The Supreme Court, yesterday, declined a request by family members of the late Head of state, General Sani Abacha to unfreeze accounts belonging to him and other members of the family in foreign countries.
The accounts, which are in banks in the United Kingdom, Switzerland, Jersey, Liechenstein and Luxembourg, were frozen following mutual judicial assistance agreements entered with the countries by the Nigerian government during the administration of the then President, Olusegun Obasanjo, in 1999.
Dissatisfied with the government’s action, the Abacha’s family dragged the federal government to court to reverse the said directive.
Unfortunately their request both at the trial court and Court of Appeal was turned down, forcing them to approach the final court in the country for justice.
Delivering judgement yesterday in the appeal filed by a son of the late dictator, Mohammed Abacha, a five-man panel of the apex court led by Justice Olukayode Ariwoola, unanimously held that the suit, which was first initiated before the Federal High Court in Kano in January 2004, had become statute-barred.
According to Justice Chima Nweze, who prepared the lead judgment of the panel, it was too late for the Abacha family to query the decision taken by the Federal Government of Nigeria in 1999, via a letter authored by the then Minister of Justice and Attorney General of the Federation (AGF), Kanu Agabi (SAN).
The court in the appeal marked: SC/68/2010, held among others, that in view of the evidence presented by parties, it was left with no other options than to uphold the earlier concurrent decisions of the two lower courts (the Federal High Court, Kano and the Court of Appeal, Kaduna division), to the effect that the action was statute barred.
In the judgment read by Justice Amina Augie, the apex court held that, “In all forms, with the eloquent submission of the respondents’ counsel, and submissions anchored on the admitted evidence, I have no hesitation in affirming the concurrent decisions of the lower courts.
“Accordingly, I hereby enter an order dismissing this appeal. I further affirm the concurrent findings and decisions of the lower courts. Appeal dismissed.”
According to court documents, Obasanjo, in December 1999, authorised the then AGF, Agabi to request the Swiss authorities to freeze all bank accounts held in its jurisdiction by the late Head of State, General Abacha, his children, servants, agents and any other individuals or companies linked to them between 1993 and 1998.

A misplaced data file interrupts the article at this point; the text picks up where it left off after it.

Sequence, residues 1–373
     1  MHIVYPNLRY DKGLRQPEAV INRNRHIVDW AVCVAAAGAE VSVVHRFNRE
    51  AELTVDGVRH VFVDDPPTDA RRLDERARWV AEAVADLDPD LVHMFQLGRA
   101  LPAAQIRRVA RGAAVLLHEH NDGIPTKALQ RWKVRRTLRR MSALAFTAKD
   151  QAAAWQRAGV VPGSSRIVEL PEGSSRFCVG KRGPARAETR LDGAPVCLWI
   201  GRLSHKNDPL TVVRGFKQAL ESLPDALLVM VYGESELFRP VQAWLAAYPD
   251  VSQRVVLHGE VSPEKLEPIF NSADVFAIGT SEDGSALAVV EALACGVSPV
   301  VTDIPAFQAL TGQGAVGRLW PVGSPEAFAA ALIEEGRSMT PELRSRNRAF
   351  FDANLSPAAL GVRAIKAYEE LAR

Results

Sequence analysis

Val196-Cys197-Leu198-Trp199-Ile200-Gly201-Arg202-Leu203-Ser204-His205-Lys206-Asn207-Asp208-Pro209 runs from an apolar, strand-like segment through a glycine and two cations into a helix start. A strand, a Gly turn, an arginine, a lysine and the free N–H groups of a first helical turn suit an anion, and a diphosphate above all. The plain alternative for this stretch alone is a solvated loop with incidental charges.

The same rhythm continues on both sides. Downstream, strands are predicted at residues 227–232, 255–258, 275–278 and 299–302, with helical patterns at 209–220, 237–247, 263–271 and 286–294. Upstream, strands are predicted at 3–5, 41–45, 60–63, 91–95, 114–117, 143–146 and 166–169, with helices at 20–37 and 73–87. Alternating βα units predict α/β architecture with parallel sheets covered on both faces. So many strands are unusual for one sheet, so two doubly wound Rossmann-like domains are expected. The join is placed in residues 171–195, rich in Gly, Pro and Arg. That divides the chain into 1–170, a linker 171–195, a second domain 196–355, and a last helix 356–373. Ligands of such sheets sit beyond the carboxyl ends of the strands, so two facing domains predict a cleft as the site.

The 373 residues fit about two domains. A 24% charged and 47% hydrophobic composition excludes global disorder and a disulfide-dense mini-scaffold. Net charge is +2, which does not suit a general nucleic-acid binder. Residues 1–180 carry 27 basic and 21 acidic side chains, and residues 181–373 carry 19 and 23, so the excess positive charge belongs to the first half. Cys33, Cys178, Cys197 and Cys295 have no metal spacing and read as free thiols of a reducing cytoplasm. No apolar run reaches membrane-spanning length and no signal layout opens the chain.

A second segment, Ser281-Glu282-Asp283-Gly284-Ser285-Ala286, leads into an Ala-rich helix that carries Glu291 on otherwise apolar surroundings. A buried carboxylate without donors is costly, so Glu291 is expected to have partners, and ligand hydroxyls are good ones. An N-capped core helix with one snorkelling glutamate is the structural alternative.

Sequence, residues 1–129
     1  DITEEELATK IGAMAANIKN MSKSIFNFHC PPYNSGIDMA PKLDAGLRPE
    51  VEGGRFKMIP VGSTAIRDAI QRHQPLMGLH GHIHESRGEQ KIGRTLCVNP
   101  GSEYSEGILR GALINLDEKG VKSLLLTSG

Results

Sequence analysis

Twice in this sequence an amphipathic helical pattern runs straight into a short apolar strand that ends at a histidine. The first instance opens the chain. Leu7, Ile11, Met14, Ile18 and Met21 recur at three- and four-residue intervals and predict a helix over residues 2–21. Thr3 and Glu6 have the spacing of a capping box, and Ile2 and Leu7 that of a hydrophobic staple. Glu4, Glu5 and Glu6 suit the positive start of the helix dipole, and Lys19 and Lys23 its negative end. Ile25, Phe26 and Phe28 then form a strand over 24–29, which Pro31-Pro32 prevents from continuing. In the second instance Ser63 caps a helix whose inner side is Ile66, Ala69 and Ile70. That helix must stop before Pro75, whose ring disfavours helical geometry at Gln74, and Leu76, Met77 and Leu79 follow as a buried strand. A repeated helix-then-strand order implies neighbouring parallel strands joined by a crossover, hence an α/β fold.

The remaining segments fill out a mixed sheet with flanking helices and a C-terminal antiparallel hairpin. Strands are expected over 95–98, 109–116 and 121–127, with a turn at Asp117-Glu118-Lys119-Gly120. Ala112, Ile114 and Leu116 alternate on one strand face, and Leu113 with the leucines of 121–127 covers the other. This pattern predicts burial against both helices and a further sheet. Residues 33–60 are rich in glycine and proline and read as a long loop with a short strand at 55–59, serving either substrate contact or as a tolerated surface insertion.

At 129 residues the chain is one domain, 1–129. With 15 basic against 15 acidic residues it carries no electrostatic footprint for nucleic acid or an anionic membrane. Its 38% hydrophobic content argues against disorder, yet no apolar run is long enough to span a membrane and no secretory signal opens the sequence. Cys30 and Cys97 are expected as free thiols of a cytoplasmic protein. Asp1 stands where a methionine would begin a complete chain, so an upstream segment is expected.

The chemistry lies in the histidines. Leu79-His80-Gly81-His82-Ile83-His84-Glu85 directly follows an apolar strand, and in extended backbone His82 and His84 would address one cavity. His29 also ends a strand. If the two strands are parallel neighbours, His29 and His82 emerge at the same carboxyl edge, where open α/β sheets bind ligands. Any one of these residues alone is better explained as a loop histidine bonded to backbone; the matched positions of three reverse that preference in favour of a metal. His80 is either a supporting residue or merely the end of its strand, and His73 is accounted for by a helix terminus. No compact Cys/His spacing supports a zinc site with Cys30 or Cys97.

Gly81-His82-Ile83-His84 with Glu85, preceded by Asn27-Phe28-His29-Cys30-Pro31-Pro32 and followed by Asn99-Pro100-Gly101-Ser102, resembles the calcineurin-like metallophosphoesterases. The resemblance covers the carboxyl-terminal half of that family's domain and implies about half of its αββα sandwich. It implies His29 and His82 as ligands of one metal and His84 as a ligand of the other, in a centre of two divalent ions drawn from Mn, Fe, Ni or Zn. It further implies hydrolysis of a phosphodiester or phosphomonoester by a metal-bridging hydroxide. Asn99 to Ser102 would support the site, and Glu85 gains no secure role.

The Nigeria government was also said to have requested the Swiss authorities to seize and detain all banking and other documents relating to the affected accounts, charge and prosecute all holders of such accounts, in order to recover and pay over to the Federal Government of Nigeria all monies falsely and fraudulently taken from the government and people of Nigeria.
Following these steps by the Federal Government, the accounts of the Abachas found in Switzerland, United Kingdom, Jersey, Liechenstein and Luxembourg were frozen, an action members of the late Head of State challenged by filing a suit, marked: FHC/KN/CS/6/2004, on January 28, 2004 before the Federal High Court, Kano.
The suit filed on behalf of the Abachas by Mohammed Abacha, had the President of the Federal Republic of Nigeria and the Attorney General of the Federation as respondents.
After hearing parties, the court rendered its judgment in 2006, in which it upheld the argument by the respondents to the effect that the case was not only statute barred, the plaintiff could not relitigate the same case that had been decided by the court’s Abuja division in suit: FHC/ABJ/CS/347/2001brought by Sulgrave Holdings Inc & 19 others against the FRN & three others.
Mohammed appealed the decision of the Federal High Court, Kano at the Court of Appeal, Kaduna. But in its judgment on December 15, 2009, the appellate court upheld the decision of the trail court and dismissed the appeal.
Other members of the Supreme Court’s five-man panel that heard the appeal, Justices Olukayode Ariwoola, Kudirat Kekere-Ekun, Augie and Paul Galumje, all agreed with the lead judgment as written by Justice Nweze.